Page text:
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One of the most popular forms of metaverse games at the moment is play-to-earn (P2E) games. But if you’re still out of the loop, P2E games are exactly what they sound like—games where users can earn cryptocurrencies and/or NFTs.

On paper, P2E games sound like a great idea as players can enjoy a game while making money.

However, the question is, how sustainable are these kinds of games?

During a panel discussion at Wild Digital SEA 2022, a tech conference by Catcha Group, three crypto experts shared their thoughts on the topic. Namely, the panellists were:

  • Cora Chen, Head of China at Polygon
  • U-Zyn Chua, Co-Founder and CTO at Singapore-based Cake DeFi
  • Cheng Guo, Founder and CEO of StepVR
Wild Digital is a Southeast Asian digital tech conference

It’s currently more about earning, less playing

Considering the relative newness of blockchain tech in the mainstream, its stability and sustainability have naturally been under speculation.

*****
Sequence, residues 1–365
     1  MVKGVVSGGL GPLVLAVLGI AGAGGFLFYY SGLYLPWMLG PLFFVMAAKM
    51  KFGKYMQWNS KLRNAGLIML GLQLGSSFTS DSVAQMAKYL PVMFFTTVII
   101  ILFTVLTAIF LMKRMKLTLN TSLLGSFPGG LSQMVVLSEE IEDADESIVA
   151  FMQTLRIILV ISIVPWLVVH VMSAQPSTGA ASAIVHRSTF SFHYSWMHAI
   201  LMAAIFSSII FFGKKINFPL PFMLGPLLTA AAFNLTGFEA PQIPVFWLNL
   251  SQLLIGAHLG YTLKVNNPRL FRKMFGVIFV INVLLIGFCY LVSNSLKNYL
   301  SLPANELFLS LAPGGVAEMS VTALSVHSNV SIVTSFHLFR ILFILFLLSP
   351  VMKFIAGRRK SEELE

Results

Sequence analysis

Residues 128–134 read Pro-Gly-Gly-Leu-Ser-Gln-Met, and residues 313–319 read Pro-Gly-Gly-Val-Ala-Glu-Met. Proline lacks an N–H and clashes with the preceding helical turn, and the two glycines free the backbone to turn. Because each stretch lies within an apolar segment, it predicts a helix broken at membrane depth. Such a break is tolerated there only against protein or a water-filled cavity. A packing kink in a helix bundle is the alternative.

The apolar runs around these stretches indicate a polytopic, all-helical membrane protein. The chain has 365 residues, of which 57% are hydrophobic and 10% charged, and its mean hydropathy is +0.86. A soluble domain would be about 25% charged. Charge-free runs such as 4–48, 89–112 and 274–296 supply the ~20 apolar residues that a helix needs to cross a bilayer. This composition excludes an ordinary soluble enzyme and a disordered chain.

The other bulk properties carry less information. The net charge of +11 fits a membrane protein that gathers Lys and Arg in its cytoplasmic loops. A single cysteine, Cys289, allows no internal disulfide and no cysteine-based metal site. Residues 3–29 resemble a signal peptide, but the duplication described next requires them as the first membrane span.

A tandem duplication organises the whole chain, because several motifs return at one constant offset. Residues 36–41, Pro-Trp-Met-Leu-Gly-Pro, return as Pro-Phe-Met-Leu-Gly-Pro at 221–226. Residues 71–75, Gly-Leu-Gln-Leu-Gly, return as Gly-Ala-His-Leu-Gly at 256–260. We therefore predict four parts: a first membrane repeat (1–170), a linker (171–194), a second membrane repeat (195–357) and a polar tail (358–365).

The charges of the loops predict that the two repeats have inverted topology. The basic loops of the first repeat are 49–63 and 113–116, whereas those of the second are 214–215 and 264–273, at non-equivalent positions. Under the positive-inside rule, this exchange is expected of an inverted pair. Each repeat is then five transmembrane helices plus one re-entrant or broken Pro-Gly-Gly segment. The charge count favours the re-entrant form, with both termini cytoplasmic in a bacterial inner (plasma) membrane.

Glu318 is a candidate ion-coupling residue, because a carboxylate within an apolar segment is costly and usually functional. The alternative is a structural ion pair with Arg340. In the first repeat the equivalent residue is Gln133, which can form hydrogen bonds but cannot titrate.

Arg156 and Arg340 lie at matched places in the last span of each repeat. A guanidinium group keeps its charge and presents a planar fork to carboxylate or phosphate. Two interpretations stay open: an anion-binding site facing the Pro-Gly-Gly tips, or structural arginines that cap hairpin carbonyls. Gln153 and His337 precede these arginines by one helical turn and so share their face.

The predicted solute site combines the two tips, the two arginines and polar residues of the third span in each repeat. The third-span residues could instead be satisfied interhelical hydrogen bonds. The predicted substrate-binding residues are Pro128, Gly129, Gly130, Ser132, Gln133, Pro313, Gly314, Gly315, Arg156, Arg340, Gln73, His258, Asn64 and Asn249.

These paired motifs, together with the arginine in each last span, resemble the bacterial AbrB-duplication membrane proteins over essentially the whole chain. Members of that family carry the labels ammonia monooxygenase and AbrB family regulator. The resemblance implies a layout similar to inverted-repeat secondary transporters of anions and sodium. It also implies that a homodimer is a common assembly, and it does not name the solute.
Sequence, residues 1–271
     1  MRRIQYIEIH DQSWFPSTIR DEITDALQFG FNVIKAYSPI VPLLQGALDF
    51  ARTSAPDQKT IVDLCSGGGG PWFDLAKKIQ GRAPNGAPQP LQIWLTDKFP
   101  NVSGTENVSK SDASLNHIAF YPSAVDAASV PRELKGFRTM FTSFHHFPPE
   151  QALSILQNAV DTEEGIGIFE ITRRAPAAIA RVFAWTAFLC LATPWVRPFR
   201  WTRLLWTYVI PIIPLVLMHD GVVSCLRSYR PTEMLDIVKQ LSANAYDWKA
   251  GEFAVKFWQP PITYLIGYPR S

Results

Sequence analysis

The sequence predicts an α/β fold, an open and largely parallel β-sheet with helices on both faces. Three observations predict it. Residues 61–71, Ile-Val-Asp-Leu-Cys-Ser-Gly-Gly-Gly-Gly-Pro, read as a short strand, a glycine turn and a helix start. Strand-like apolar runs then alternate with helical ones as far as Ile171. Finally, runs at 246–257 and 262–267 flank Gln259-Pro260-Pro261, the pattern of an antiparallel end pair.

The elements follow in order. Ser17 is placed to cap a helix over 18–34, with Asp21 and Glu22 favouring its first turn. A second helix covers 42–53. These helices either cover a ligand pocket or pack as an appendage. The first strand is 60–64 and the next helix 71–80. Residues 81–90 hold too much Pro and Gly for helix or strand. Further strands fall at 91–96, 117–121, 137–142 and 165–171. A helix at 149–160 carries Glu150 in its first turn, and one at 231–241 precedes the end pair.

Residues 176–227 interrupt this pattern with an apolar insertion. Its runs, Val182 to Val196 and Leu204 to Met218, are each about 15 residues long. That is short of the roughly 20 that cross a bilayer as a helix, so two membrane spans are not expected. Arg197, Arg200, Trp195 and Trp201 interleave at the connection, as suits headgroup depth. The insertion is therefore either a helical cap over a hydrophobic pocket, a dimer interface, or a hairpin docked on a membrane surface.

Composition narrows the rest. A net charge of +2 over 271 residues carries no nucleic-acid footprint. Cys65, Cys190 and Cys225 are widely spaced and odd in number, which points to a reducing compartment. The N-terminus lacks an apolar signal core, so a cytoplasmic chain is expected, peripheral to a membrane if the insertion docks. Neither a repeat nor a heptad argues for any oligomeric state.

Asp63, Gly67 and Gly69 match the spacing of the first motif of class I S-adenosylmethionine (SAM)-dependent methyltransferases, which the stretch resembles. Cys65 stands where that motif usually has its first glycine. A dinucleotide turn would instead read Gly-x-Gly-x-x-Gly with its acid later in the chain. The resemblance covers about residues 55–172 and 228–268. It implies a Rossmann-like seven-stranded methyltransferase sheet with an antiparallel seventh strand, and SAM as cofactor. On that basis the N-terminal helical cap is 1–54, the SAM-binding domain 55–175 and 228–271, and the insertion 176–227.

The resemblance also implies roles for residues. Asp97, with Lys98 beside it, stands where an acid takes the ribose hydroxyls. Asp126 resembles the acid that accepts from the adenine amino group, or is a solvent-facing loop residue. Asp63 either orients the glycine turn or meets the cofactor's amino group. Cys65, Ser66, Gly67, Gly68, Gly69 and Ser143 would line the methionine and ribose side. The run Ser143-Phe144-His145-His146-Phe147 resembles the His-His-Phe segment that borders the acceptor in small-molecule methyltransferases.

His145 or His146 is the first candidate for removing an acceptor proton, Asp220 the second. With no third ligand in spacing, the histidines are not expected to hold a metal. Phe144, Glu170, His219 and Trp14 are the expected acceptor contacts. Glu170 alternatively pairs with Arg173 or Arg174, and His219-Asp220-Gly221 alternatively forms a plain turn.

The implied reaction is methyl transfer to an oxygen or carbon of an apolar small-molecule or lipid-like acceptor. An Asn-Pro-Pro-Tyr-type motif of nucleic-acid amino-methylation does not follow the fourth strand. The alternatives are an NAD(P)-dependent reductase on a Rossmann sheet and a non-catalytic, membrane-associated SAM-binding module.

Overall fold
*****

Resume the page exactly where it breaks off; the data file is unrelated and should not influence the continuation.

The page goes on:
This is something metaverse-related games have not escaped from, especially when it comes to P2E games, which are not without their own controversies, as U-Zyn from Cake DeFi revealed during the discussion.

“We see a lot of users playing it not so much for the fun of that, but more to farm the economy, so you play more to earn money rather than for fun,” U-Zyn shared.

He continued to explain that a lot of these games are funded by inflation—the more you play the game, the more tokens you generate, and you attract more people to join the game.

However, according to him, in the early days, blockchain had been created with a core game, which was mining.

Cake DeFi is a startup providing decentralised finance DeFi) services / Image Credit: Wild Digital Southeast Asia

“Mining is actually a game where you do something and enrich yourself but that something that you do ends up enriching the ecosystem,” U-Zyn reasoned. “Because the mine that you do ends up securing the blockchain and makes it more robust and secure.”

But he hasn’t seen this concept of enrichment in P2E gaming yet. To him, whenever someone farms on a P2E game, they’re taking something away from the rest of the community, hurting everyone else that’s playing the game.

“It’s a race, kind of the bottom,” he concluded.

As such, U-Zyn hopes to see play-to-earn games come up with a solution so that players to do something within the game ends up enriching everyone in the ecosystem—like a real-world economy.

More playable P2E games, please

For China-based StepVR’s Cheng Guo, the most important thing for a P2E game is that it has to actually be playable.

StepVR is a virtual reality (VR) hardware maker based in China / Image Credit: Wild Digital Southeast Asia